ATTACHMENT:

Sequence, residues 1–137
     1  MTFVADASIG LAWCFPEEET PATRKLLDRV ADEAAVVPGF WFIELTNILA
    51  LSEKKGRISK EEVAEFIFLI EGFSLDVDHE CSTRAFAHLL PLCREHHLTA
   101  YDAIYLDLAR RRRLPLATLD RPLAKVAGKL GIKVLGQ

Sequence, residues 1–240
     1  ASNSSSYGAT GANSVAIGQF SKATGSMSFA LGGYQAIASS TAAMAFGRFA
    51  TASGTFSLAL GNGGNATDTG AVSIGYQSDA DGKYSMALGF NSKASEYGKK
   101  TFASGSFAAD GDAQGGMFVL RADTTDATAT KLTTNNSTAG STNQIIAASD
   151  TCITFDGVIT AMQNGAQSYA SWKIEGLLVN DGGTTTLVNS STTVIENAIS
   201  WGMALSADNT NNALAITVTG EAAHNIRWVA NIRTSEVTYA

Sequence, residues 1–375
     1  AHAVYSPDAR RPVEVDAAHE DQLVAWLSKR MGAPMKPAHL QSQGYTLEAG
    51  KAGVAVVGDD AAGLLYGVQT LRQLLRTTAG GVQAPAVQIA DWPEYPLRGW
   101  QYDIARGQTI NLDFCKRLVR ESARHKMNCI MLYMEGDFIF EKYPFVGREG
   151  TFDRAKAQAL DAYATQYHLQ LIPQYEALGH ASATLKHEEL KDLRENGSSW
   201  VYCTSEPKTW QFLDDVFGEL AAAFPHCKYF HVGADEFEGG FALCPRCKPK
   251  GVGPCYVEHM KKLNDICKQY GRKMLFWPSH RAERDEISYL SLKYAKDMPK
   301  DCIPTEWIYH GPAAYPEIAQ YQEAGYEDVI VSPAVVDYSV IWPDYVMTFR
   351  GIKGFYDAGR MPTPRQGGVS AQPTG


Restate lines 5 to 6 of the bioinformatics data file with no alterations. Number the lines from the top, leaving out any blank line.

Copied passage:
Sequence, residues 1–240
     1  ASNSSSYGAT GANSVAIGQF SKATGSMSFA LGGYQAIASS TAAMAFGRFA